Breaking Point

Mysterious Book Report No. 112

by John Dwaine McKenna

In spite of what the old saw says, and what our mothers and other teachers told us . . . sometimes we just can’t help but prejudge . . . we go right ahead and judge a book by it’s cover, as the old saying goes.  I’ve done it, you’ve done it, we’ve all done it at one time or another, only to find out at a later date how very wrong we were in our first assessment.  This applies to people, places and things, or in my personal case, books.

A few years ago, I was offered a pair of novels about a Wyoming game warden.  “They’re pretty good,” the recommender said.  “Nah,” I said, “that doesn’t appeal to me, it doesn’t sound very exciting, to tell you the truth.”  At the time I was deep into international espionage: spy versus spy and the like.  Now, fifteen best-selling novels later, yours truly finally got around to reading one of the ‘Game Warden’ novels . . . and discovered just how much he’s been missing.

Breaking Point, (Putnam, $26.95, 367 pages, ISBN 978-0-399-16075-2) by C.J. Box is the thirteenth in his Joe Pickett series.  It’s a novel that’s bound to raise the hackles of any property owner, but in particular, any owners of property in or around a watershed area, because the novel concerns the property owner versus an overreaching government bureaucrat.  The novel begins with two EPA employees being sent from Denver, Colorado to serve an EPA order on a Wyoming property owner, that comes complete with fines and penalties that mount up by the day, because the area has been designated as a wetlands.  The owner is a small time builder who’s trying to build his retirement home in an established development, between two existing properties.  When the two agents are found shot to death, a massive manhunt for Butch Roberson is set into motion that pits Wyoming Game Warden Joe Pickett against the father of his own daughter’s best friend.  All the signs point to Roberson, who may have reached his breaking point, but as the facts start trickling in, the outrageous unfairness of it all makes Pickett realize that he too, is approaching his breaking point.  The revelations, twists and turns keep coming, all the way up to the denouement and stunning conclusion that will leave you squirming in your seat, feeling as if you’ve been gut-punched.  This is one helluva story, and one you won’t forget for a long, long time . . . I know I won’t.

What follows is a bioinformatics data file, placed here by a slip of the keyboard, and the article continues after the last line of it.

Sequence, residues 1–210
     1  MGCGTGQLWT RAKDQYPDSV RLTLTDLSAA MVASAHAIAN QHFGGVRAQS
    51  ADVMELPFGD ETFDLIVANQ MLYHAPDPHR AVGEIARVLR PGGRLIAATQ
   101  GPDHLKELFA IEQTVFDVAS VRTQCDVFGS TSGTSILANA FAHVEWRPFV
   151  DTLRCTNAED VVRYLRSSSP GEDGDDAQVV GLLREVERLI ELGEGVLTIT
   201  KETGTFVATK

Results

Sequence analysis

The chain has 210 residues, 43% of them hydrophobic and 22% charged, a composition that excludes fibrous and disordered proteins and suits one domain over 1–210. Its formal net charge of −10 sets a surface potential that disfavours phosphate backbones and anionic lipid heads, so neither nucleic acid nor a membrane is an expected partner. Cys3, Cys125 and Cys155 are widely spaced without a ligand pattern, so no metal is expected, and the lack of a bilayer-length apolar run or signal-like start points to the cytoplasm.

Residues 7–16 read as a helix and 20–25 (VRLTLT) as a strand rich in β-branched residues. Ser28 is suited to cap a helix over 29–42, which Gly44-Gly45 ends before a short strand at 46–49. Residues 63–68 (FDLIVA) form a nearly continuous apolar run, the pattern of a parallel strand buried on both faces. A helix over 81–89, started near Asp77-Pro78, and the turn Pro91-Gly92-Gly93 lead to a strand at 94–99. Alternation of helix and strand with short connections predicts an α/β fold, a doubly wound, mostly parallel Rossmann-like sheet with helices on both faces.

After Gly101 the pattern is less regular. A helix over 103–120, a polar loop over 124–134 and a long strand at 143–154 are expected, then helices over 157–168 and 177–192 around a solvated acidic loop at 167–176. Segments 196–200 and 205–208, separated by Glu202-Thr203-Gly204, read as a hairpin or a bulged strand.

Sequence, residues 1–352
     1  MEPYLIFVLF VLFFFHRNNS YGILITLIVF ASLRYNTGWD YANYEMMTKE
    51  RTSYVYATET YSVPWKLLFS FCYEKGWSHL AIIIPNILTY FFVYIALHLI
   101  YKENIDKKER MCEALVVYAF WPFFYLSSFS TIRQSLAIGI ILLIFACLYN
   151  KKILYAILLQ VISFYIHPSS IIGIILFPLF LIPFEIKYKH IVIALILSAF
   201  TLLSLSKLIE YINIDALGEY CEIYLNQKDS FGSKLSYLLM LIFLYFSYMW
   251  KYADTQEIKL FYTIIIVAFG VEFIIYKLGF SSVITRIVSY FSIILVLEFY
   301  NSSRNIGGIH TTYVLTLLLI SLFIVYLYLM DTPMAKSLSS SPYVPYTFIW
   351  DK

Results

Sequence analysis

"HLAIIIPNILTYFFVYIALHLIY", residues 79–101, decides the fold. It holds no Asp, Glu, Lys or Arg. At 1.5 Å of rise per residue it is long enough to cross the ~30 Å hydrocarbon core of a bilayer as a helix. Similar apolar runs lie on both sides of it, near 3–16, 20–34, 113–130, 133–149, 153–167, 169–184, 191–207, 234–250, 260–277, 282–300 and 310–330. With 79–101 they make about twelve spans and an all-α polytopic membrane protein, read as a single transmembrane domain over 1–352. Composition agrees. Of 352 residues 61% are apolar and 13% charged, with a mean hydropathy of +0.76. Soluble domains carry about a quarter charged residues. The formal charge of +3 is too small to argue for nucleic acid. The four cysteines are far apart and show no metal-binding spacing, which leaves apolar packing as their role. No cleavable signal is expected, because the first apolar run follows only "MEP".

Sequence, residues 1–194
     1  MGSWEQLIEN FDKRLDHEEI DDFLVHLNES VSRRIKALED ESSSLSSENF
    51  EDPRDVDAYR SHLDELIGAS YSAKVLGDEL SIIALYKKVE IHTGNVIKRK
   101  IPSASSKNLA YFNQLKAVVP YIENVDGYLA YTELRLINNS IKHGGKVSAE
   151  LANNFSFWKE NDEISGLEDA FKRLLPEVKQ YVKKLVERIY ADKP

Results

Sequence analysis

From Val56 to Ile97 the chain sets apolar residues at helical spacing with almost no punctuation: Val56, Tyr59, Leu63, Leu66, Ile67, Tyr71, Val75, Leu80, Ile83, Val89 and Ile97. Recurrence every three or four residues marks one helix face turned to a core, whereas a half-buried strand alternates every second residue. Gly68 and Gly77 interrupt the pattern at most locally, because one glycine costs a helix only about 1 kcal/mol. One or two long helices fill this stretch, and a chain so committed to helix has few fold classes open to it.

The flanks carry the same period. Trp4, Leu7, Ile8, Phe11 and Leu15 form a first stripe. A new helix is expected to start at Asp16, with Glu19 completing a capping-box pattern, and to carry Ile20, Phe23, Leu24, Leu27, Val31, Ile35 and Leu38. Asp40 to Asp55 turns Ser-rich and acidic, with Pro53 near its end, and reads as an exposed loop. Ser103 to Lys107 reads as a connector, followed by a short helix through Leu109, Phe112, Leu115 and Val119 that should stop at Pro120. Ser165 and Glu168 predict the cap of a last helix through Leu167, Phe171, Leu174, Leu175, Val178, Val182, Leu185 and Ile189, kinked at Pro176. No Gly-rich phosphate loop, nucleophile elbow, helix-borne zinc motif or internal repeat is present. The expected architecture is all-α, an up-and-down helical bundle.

And I know too, that I’ll be spending some time at the library, catching up with the backlist of Joe Pickett novels.  Will I bump into you there?

You’re all invited to come over to our redesigned and improved websites:


you’ll find all of our tried and time-tested features as well as some new and improved ones that’ll keep you informed and up to date with what’s happening out here by “the Sun Mountain Sitting Big,” as the Ute Indians called Pikes Peak.  The Boy Who Slept With Bears is drawing rave reviews from all who’ve seen and read it.  It details the efforts of a Ute boy to survive in a prejudicial world controlled by a government bent on his removal or a least his “civilizing.”  Don’t miss a chance to read this heart wrenching and heartwarming novel that’s been read and loved by ages eight to eighty.  Told in a warm grandfatherly voice by George R Douthit, it’s a past winner of a golden EVVY for fiction, and it’s now in it’s third printing in a new, enlarged and revised edition.  $15.00 (ISBN 978-0-9839952-8-9) and available at bookstores everywhere, Amazon and all eReaders.  A very limited number of signed copies are available at Rhyolite Press, P.O. Box 2406, Colorado Springs, CO  80901.  Don’t forget to add $4.00 for shipping and handling.

And hey!  That’s not all . . . I’m happy to announce that Colorado Noir by John Dwaine McKenna is, after delays, interruptions, more delays, civil disobedience, war, famine and pestilence . . . finally at the printers.  I expect the heavens to open up and legions of cheribim and seraphim to accompany the UPS truck to the Rhyolite Press warehouse at any time . . .

Seriously folks, this one’s been a long time coming, but it’s worth the wait.  It contains eleven of the best stories I’ve ever written, all from the dark and seamy side of life.  More next week about our latest, and best. crime fiction ever!

And don’t worry.  We’ll be back next week with an all new MBR.  See you then.